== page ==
Generally, the people who will have to wear Respiratory Protective Equipment (RPE) are those who work in high risk setting such as health and residential care. In these settings FFP3 respirators should be used when caring for patients, or in areas where high risk aerosol generating procedures (AGPs) are being performed.
If your risk assessment for coronavirus (COVID-19) identifies that RPE is necessary, it is important that it is of a suitable type and staff have been trained in how to wear and use it. Only purchase RPE from reputable and trusted suppliers to help avoid the purchase of unsafe/counterfeit products.
The Government, in consultation with industry, has produced guidance to help ensure workplaces are as safe as possible:
Employers and self-employed people need to carry out a risk assessment to identify what needs to be done to protect workers and others from the risk of coronavirus. When carrying out the risk assessment you need to:
If you have fewer than five employees, you do not have to write anything down, but it is good practice if you do.
The Government Better Business For All (a partnership between business and regulatory bodies) has created their Covid-19 Toolkit - considerations for restarting your business safely.
At counters and workstations where it is not always possible to maintain social distancing, then consider using screens. Any screen that is used, needs to be of suitable size (height and width) to provide an effective barrier between people. Screens also need to be securely fixed. It is important that where screens are used, they are regularly sanitised.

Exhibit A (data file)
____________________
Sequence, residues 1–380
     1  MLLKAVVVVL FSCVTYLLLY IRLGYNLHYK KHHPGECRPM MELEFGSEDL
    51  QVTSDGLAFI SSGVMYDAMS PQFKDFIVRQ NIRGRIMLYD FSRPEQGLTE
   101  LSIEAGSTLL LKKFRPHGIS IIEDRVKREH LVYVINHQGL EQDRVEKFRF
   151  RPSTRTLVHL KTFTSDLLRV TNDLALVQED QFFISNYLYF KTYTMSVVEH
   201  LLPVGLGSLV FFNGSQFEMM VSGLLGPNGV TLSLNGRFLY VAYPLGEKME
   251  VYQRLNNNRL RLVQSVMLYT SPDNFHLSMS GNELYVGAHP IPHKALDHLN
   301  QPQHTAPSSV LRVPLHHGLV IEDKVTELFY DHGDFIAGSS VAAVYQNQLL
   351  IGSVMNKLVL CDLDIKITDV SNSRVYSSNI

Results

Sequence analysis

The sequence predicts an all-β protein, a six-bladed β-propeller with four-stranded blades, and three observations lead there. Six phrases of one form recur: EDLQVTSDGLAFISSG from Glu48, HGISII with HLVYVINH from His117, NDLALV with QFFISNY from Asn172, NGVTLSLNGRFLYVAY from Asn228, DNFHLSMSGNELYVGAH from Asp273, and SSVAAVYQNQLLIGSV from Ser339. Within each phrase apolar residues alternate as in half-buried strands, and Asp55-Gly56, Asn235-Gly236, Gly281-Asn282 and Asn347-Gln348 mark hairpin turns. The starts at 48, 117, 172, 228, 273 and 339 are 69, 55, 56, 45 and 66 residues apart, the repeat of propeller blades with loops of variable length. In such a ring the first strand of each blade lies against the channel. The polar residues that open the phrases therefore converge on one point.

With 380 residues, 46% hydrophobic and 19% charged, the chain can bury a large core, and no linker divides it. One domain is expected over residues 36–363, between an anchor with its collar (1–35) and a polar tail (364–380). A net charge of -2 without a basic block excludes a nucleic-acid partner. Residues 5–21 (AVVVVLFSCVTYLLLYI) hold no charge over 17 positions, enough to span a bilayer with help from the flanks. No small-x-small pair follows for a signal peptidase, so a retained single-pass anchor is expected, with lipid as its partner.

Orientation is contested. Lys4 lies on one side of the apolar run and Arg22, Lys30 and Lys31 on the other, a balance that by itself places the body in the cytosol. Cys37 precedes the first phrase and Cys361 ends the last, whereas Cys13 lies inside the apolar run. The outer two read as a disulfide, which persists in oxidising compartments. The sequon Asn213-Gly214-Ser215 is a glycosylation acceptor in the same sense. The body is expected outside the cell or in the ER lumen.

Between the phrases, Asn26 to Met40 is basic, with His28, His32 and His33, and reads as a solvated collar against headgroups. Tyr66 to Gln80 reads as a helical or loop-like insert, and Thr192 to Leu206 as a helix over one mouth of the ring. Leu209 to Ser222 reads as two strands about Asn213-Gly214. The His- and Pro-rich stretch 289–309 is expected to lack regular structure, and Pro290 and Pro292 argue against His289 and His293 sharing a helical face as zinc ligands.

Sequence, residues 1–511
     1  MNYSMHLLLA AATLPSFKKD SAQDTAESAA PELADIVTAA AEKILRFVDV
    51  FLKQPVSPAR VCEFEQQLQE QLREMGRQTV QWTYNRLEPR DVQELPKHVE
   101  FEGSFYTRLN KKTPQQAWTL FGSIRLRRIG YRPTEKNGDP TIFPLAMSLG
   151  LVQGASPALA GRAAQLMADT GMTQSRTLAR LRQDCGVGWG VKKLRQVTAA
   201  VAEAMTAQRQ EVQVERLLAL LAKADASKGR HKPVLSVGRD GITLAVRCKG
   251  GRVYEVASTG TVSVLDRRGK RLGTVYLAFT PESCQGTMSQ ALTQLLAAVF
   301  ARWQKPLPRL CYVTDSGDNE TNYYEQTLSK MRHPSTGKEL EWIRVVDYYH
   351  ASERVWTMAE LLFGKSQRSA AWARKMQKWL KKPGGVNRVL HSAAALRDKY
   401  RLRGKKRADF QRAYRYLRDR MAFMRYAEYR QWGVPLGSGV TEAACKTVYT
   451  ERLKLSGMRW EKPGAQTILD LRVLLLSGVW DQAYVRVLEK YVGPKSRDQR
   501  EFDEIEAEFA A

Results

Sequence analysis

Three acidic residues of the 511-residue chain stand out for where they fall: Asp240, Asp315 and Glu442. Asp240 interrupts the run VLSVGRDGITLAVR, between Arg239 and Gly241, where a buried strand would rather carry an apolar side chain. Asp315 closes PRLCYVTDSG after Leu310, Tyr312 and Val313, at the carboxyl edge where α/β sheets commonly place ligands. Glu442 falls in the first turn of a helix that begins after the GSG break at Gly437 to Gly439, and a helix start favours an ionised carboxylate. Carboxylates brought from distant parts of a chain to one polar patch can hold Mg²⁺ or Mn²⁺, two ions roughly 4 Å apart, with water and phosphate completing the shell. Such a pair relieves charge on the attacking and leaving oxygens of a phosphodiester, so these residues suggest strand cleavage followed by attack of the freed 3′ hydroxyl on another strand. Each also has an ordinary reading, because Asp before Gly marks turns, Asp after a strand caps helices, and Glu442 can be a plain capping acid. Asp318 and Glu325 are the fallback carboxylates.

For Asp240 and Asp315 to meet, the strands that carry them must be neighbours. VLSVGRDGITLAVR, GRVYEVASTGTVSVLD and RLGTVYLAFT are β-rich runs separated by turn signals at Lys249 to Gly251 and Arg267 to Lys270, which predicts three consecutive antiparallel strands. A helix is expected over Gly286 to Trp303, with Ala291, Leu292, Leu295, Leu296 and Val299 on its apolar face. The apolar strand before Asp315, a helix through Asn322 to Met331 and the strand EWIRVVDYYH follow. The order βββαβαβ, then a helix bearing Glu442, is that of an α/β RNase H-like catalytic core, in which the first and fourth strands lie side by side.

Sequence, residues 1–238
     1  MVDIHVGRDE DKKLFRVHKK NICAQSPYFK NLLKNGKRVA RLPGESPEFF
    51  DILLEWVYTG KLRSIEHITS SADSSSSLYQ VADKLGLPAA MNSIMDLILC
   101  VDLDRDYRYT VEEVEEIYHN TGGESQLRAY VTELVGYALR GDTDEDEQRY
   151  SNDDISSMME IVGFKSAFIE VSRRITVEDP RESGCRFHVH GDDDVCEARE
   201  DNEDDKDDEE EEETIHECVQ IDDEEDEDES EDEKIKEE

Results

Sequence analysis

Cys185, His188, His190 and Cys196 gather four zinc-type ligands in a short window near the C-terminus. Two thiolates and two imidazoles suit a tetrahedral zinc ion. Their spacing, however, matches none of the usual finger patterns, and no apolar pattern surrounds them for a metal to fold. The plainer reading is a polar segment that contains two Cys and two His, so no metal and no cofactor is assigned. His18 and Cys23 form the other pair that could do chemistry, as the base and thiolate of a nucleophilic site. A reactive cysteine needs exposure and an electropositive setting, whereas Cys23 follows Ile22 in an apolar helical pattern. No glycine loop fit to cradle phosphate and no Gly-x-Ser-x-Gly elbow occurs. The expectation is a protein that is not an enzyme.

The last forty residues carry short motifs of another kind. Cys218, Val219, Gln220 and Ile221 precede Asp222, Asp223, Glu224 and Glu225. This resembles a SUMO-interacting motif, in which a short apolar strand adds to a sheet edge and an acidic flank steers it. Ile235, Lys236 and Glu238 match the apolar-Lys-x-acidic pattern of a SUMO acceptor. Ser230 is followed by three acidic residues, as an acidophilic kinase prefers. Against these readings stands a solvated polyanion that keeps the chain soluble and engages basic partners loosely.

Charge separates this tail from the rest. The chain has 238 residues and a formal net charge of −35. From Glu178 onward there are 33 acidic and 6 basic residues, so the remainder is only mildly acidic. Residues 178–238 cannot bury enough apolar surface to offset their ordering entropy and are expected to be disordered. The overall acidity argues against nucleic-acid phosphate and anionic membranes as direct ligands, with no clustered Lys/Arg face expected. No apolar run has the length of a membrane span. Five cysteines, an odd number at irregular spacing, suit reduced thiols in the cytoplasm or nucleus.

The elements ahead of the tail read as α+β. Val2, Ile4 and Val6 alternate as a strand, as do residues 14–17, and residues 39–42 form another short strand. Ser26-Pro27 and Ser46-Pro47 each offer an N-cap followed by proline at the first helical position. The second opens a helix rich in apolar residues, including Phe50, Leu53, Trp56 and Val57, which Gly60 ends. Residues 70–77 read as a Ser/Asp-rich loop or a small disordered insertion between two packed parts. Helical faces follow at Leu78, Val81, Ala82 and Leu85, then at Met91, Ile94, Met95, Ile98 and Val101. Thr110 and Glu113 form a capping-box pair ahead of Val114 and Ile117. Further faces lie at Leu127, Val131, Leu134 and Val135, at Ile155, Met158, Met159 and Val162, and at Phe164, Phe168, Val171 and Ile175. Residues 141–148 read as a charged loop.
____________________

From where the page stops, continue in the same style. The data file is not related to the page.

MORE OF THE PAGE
Signs at entrances and at appropriate locations in a premises can help people understand what they need to do to maintain their own and others safety whilst in a premises. A Workplace Risk Assessment for coronavirus (COVID-19) can help to identify what signs are needed and where to place them.
Examples of free to use signs:
The aim is to maintain wherever possible 2m social distancing and to minimise the need for contact with people to who are not employed by the business. This will include customers, contractors, maintenance, and delivery people.
The aim in the workplace is to maintain 2m social distancing wherever possible, including while arriving at and departing from work, while in work and when travelling between sites.
Where the social distancing guidelines cannot be followed in full, businesses should consider if the activity must happen for the business to operate. If it is necessary, action will need to be taken to reduce the risk of transmission between staff. For detailed information please refer to the appropriate business sector guidance:
If you didn’t find the answer to your query within this information, additional guidance can be found on the Gov.uk website.
Alternatively, you can complete a brief enquiry form to inform us what further guidance you need or what concerns you wish to report. We will try and contact you within 7 working days or sooner wherever possible.